Jacob means “he grasps the heel” or figuratively “he deceives”, which Jacob lived up-to when he stole his older twin’s birthright and blessing by deceiving his father, Isaac. Israel means “he struggles with God”, because Jacob had wrestled with an angel all night – which resulted in a dislocated hip for Jacob, but also a blessing from God. (see Gen. 32:24-30) From Jacob came the 12 tribes of Israel, through his twelve sons – who, by the way, all lived up to their names.
God also changed Abram’s name to Abraham. Abram means “exalted father” and Abraham means “father of many”.
Gen.17:5 “No longer shall your name be called Abram,but your name shall be Abraham, for I have made you the father of a multitude of nations.”
That name change had significance for generations to come, including our own, as most peoples of the Middle East claim Abraham as “father” – both Jews and Arabs.
In the New Testament Jesus changed Simon’s name to Cephas (Aramaic) which translated into Greek is Peter. (see John 1:42) Simon is probably the same as the Old Testament name Simeon which means “he hears”, while Cephas and Peter both mean “rock”. This was not based on what Peter was when he first became a fol lowerof Jesus, but on what he was to become.
To get personal, my birth name is Marcella, which is from Roman origin and means “warlike, martial, and strong”. It could also mean “young warrior”. I certainly lived up to that name as a child and had a tenacious nature to “discuss” until proven right; or if not right, then surely logical. In first grade I changed my name to Marcy because I didn’t like writing out the full name Marcella on my paperwork. It was years later that I found the name Marcy means “brave”. Which I don’t always feel, but my husband says I am.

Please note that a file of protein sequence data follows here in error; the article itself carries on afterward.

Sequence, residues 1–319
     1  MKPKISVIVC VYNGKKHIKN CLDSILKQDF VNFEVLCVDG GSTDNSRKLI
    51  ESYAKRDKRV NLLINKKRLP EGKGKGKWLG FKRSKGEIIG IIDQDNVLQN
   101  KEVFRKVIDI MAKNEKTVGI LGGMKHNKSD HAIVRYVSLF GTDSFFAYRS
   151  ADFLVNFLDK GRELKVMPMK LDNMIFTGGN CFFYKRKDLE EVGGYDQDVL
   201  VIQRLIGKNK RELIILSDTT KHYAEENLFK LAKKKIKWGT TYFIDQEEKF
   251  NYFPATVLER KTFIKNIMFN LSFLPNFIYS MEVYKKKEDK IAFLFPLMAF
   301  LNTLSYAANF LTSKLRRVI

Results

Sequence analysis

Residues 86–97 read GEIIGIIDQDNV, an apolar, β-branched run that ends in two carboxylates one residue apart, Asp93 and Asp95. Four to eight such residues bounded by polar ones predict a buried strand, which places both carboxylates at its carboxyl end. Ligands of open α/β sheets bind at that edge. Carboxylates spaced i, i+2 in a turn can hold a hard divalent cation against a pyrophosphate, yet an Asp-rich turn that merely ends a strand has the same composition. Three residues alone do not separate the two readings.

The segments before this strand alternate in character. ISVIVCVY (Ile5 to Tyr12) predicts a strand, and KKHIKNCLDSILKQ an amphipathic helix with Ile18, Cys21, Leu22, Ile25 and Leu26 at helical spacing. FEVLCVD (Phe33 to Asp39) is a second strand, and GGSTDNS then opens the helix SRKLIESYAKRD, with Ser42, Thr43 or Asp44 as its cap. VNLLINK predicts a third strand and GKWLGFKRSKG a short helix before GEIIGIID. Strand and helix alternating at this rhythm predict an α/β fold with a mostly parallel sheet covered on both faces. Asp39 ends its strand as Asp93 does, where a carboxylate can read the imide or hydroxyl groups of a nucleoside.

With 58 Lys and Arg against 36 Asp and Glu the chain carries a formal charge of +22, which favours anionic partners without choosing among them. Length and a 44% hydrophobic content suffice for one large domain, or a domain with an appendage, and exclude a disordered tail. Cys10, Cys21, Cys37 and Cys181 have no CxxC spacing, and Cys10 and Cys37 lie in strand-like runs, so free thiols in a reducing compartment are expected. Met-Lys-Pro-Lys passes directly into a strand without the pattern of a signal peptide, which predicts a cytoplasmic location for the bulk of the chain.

My husband’s name is David Clark. David means “beloved” – and he definitely is that to me and many others. Clark means “cleric” which also means “pastor” – my husband has been a pastor for the past 20 years.
Finally, there are literally hundreds of instances in Scripture where God’s name was praised. All of God’s various names in the Bible had meaning. People weren’t worshiping mere words, but the character, the substance, the meaning of those names, which God personifies.
Proverbs 22:1 says, “A good name is to be chosen rather than great riches, and favor is better than silver or gold.”
If you want your children to have a positive self-concept and a good future ahead of them, be careful what you name them and what names (adjectives) you call them. Remind them of what their names mean and how you were led to name them.
For those who are Spirit-born followers of Christ, even if your birth name or the name you earned by the way you lived are not “good” names, the Scriptures say that God has a new name for you in heaven. And He sees you in the light of that new name, not the name of our old nature.
What about your name? Are you living up to it? And if you call yourself a Christian, are you living up to the reputation of the one for whom you are named, Christ your Savior?
©2012, Marcy Alves
Posted on May 6, 2012, in Christian Growth, God Encounters, My Journey, Reflections and tagged Abraham, Abram, God, Israel, Jacob, living up to a name, Middle East, name calling, name meanings, names, naming your child, Old Testament, what names mean. Bookmark the permalink. Leave a comment.